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McPhail: I can be a boss next


OF all the men who came through the international underage hot house created by Brian Kerr, Stephen McPhail was always the one who seemed designed to be a manager.

He's back in Dublin now, signed up for Shamrock Rovers for a final tilt as a player in the League of Ireland, but it would be a big surprise if he someday doesn't make the transition from gifted midfielder to manager.

"Maybe, I'm trying to concentrate on getting my football life done with and then maybe look at it, something like that. It's something that would interest me in the future," said McPhail after he was unveiled as Shamrock Rovers' new star signing.


"I've done my B (coaching licence) and hopefully I will start my A soon. It may take a year or two to get that done and then try get the Pro. I love football and I don't think I could be without it at any stage, but you never know."

He just loves the game. Loves the training, loves the rhythm he first tuned into as a kid, travelling around Ireland with his grandfather Paddy Doran, who helped out Ray Treacy when he was with Home Farm and the Hoops.

"My grandad was there with Ray (Treacy). I got quite close to most of the lads growing up and I got to see how they trained. It was great. It was a great time.

"I loved my football from a young age and to get a chance to go into the League of Ireland to see it at first hand at such a young age, I think helped me a lot."

It is easy to see that he would find it hard to live without an involvement in the game. He has done some of the coaching courses and will take on the big badges he needs once he is done with playing.

He won't hang around, that seems certain. Nobody is more aware of life's capacity to throw a custard pie when least expected.

Beginning with the cancer he successful battled and more recently, when he was told he had Sjogren's syndrome, a condition which includes arthritis and joint inflammation as one of its unwelcome gifts, his was hardly the average professional football career in England.

McPhail has fellow sufferer Venus Williams to thank for extending his professional football career and allowing him to return to play for Shamrock Rovers in the League of Ireland.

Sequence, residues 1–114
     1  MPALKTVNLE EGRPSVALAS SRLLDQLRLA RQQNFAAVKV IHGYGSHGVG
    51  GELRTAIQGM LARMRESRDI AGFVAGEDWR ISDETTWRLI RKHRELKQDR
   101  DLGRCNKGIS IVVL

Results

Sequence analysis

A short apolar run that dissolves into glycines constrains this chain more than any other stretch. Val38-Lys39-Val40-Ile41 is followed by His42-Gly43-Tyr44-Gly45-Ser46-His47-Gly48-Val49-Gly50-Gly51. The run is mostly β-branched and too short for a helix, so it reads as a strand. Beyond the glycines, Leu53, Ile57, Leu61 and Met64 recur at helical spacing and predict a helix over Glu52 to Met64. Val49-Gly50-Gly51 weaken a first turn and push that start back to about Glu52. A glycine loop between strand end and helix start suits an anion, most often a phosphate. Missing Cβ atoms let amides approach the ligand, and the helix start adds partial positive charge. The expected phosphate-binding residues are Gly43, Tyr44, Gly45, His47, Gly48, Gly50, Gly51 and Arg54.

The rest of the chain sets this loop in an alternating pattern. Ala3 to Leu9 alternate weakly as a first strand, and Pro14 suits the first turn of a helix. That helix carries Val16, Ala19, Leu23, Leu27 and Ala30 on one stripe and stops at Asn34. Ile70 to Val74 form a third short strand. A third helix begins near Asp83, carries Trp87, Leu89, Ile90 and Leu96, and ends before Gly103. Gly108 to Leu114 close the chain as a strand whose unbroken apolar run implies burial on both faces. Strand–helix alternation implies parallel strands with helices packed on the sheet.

Back in 2012 and three years after he was diagnosed, Williams rang McPhail's house after he initiated contact and spent some time speaking with him about the condition which can cause early onset arthritis and joint inflammation.

Williams pointed him towards Dr Daniel Wallace, an LA-based specialist and a treatment which allowed him to keep playing was found.

Through it all, he kept training, kept fighting and is now in the happy position that he is fit and ready to add his considerable store of knowledge and ability to Trevor Croly's title challenge.

"I feel really good. I look after myself. The best I've ever done over the last few years. I've been learning every year how to keep on top of myself and how to keep fit."

On more than one occasion, the condition he has could, and possibly should, have signalled an end to his playing days, but he learned how to persevere in the face of tough odds when he went through chemotherapy. Now, everything is closely monitored.

"Yes, it is. It's all quite straightforward stuff, especially when you get to my age and have played as many games over there that I have, you sort of have to manage yourself differently," he said, although his first reaction to the diagnosis was anything but as calm about it as he is now.

"Yes. Initially, it was the fear factor because no one knew anything about it. It was just getting through that period and seeing how the body reacted.

"Luckily for me, I've found a bit of treatment that is working. So I keep that going and, as I said, just try and keep fit and healthy. That's the main thing.

"I have it every six months. It's a treatment I've learned about. I went to see a specialist in LA and he gave me a treatment to go through and I have it every six months, just to keep on top of the syndrome I have. That sort of squashes it and keeps it at bay.

"It's just a day in hospital and you are out. I have a few days of recovery after that and I'm fine. I train within three days of the treatment. That's how I keep on top of it."

McPhail has to talk about his own health almost every time he sees the media in Ireland and he could not avoid it on the occasion of his unveiling as a Hoop.


But his story is a heartening tale of a man who fights for what he loves and wins, rising above each knock back fate delivers to his door. No doubt, he hopes that this interest in him will fade and earns headlines for football rather than human interest.

For the moment, he is feeling his way into a new job and a new environment. "It's a bit like back to school for me," he said with a grin.

"I don't know too much about the players, or anything, just yet. I only met them yesterday (Tuesday) for the first time. It will take a good month or so till I find out what it's all about really in terms of where it is at now.

"I know over the years what the standard has been, but for now it's something I just have to experience. I'm looking forward to it."